November 14, 2012 4:56 pm

When getting ready to purchase a home, it’s crucial that homebuyers understand the amount of money involved in the process. While there are numerous financial obligations that need to be taken into account, prospective buyers must also ensure that they have liquid funds available for an earnest money deposit—money that gets deposited into an escrow account if your real estate offer is accepted, or gets ratified by both parties—when they make an offer on a home.

In its simplest terms, an earnest money deposit is a deposit that is handed over to the sellers (or their real estate agent) when a contract is signed and offered to purchase a home. This shows that the buyer is serious about the deal and is willing to “show you the money.”

While there’s no set amount that needs to be offered in an earnest money deposit, it’s important to talk to your agent before making a decision. Eventually, the money will get credited toward your down payment, so choosing an amount that will impress the seller should be taken into consideration.

When preparing an earnest money deposit, be mindful that a low amount may work against you by weakening your negotiating power. On the other hand, a higher earnest money deposit will show that you are ready to make the deal happen.

If you’re making an offer on a home that has multiple offers on the table, the amount you offer in an earnest money deposit becomes extremely important. While there are many factors that come into play in a real estate negotiation strategy, the size of the earnest money deposit can help demonstrate your sincerity and even influence the seller’s decision in choosing your offer over another.

If something goes awry early in the deal, the deposit is usually returned to the buyer without a fuss. Both parties are usually willing to negotiate a fair solution even when things go wrong later in the transaction. However, certain situations may arise when the buyer and seller find it difficult to agree.

To keep problems at bay throughout the transaction, make sure there’s something written about the earnest money deposit in case something huge comes up during the home inspection that would make you want to pull out of the deal. The last thing you want is to lose all the money because the house isn’t what you thought it was.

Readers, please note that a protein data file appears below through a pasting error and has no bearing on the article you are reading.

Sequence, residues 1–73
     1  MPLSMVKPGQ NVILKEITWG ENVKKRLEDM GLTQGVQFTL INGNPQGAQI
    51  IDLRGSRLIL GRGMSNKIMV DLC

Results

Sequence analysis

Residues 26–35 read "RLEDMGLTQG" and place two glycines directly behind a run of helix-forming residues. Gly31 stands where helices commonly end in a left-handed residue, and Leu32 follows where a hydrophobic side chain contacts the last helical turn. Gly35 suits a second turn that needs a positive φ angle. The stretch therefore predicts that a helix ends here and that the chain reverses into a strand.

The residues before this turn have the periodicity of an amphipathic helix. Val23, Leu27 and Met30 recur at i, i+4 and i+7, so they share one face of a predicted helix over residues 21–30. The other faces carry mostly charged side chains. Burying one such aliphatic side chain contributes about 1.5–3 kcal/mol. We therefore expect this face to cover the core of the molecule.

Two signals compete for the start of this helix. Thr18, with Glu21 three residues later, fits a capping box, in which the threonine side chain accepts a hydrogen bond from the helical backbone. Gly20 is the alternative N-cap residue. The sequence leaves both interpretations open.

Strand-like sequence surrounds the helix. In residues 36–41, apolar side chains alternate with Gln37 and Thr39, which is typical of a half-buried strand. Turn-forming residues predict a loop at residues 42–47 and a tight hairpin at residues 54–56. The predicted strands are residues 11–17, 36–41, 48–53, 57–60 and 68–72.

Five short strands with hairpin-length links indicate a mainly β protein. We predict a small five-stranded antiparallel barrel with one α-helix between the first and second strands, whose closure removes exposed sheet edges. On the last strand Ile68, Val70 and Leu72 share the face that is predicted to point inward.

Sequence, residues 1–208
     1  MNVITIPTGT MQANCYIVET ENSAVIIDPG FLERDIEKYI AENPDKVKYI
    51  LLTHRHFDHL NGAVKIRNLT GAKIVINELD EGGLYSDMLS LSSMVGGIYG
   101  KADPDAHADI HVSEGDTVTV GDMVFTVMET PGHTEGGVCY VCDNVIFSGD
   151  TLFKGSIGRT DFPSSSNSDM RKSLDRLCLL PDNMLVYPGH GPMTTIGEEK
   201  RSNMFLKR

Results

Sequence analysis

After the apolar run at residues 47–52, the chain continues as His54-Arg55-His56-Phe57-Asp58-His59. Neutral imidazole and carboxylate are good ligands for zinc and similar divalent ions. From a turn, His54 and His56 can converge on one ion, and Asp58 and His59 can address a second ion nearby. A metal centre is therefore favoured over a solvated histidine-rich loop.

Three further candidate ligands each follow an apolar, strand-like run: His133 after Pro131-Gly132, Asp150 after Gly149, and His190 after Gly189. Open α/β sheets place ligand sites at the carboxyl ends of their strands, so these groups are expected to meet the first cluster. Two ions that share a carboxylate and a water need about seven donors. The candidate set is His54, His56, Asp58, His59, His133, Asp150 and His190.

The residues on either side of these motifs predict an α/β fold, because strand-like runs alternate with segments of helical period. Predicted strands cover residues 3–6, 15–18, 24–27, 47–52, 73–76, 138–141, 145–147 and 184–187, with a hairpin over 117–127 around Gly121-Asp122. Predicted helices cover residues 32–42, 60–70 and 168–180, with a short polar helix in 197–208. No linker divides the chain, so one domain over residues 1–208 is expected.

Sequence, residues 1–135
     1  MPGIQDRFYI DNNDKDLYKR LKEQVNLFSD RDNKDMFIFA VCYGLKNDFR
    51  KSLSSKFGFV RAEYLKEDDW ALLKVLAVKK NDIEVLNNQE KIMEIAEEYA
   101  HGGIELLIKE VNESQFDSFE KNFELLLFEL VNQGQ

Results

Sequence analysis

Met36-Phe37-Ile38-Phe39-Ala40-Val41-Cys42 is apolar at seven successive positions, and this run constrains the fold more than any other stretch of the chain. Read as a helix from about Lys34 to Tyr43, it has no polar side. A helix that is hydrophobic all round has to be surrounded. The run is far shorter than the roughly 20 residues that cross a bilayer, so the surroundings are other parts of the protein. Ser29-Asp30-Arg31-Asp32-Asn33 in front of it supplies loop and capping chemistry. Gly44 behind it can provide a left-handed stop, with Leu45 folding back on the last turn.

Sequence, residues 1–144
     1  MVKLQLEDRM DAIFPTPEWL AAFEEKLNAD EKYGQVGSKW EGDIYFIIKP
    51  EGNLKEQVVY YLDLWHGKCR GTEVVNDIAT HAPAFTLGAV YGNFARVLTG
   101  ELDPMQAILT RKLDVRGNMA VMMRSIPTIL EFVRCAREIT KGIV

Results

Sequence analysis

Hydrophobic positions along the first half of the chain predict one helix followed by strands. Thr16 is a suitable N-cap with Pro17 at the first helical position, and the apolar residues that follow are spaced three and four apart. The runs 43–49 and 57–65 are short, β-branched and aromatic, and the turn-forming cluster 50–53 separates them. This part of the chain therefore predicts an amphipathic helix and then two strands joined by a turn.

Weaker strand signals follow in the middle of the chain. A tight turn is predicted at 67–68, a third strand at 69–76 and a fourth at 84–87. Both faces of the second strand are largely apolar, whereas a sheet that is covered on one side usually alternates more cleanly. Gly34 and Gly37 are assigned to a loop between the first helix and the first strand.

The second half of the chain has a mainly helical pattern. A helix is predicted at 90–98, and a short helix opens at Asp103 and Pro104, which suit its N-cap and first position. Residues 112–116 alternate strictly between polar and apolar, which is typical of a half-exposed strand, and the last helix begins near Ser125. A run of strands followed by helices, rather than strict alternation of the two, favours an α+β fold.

While there are consumer protection clauses in contracts, you can also lose the money through default. Default can happen when you have deliberately done something that prevents you from completing the transaction. One way to avoid this is to not buy anything too expensive when under contract to buy a home.

Work carefully with a real estate agent to make sure you understand all of the terms of the deal so that you can meet your end of the bargain.

For more information about earnest money deposits, contact our office today.

Published with permission from RISMedia.


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The Final Walkthrough: Don't Mind the Little Things

November 14, 2012 4:56 pm

After you’ve found the perfect home, made an offer, negotiated the price, had an inspection and ensured your mortgage, it’s time to think about the final walkthrough. Normally done on the day of, or the day before the settlement, the final walkthrough is the last piece of the puzzle that needs to be completed before you sign the final contract.

When doing a final walkthrough inspection, you’re not so much looking for little things that are wrong, but instead making sure the house is in the same condition as when you agreed to buy it. It’s important that you don’t spend time nitpicking if you see nail holes in the wall or a slight de-colorization on the floor where a carpet was. These are small issues that you will deal with eventually and shouldn’t affect signing your name on the contract.

What could affect the contract being signed is if things that were agreed to stay are gone, such as a washing machine or curtains, or things that were supposed to be removed are still there, such as old paint cans in the basement or a heavy, broken fridge in the garage.